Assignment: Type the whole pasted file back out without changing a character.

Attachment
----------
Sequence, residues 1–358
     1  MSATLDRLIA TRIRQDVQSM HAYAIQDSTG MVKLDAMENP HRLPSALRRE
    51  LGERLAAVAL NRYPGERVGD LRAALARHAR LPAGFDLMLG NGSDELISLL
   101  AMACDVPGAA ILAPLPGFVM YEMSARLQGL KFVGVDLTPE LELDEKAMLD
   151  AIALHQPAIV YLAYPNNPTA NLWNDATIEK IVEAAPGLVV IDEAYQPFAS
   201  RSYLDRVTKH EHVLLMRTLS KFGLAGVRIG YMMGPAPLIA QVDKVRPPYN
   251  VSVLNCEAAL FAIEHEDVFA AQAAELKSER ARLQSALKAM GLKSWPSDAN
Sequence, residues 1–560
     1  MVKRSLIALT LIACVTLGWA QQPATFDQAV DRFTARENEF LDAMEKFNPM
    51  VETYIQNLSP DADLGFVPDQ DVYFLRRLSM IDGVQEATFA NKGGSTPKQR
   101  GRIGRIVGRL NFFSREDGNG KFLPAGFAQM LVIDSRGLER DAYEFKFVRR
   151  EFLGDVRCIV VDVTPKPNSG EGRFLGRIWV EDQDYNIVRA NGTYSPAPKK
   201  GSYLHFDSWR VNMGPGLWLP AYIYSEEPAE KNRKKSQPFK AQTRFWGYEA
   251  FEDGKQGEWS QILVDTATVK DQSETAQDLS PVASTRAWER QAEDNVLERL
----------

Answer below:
Sequence, residues 1–358
     1  MSATLDRLIA TRIRQDVQSM HAYAIQDSTG MVKLDAMENP HRLPSALRRE
    51  LGERLAAVAL NRYPGERVGD LRAALARHAR LPAGFDLMLG NGSDELISLL
   101  AMACDVPGAA ILAPLPGFVM YEMSARLQGL KFVGVDLTPE LELDEKAMLD
   151  AIALHQPAIV YLAYPNNPTA NLWNDATIEK IVEAAPGLVV IDEAYQPFAS
   201  RSYLDRVTKH EHVLLMRTLS KFGLAGVRIG YMMGPAPLIA QVDKVRPPYN
   251  VSVLNCEAAL FAIEHEDVFA AQAAELKSER ARLQSALKAM GLKSWPSDAN
Sequence, residues 1–560
     1  MVKRSLIALT LIACVTLGWA QQPATFDQAV DRFTARENEF LDAMEKFNPM
    51  VETYIQNLSP DADLGFVPDQ DVYFLRRLSM IDGVQEATFA NKGGSTPKQR
   101  GRIGRIVGRL NFFSREDGNG KFLPAGFAQM LVIDSRGLER DAYEFKFVRR
   151  EFLGDVRCIV VDVTPKPNSG EGRFLGRIWV EDQDYNIVRA NGTYSPAPKK
   201  GSYLHFDSWR VNMGPGLWLP AYIYSEEPAE KNRKKSQPFK AQTRFWGYEA
   251  FEDGKQGEWS QILVDTATVK DQSETAQDLS PVASTRAWER QAEDNVLERL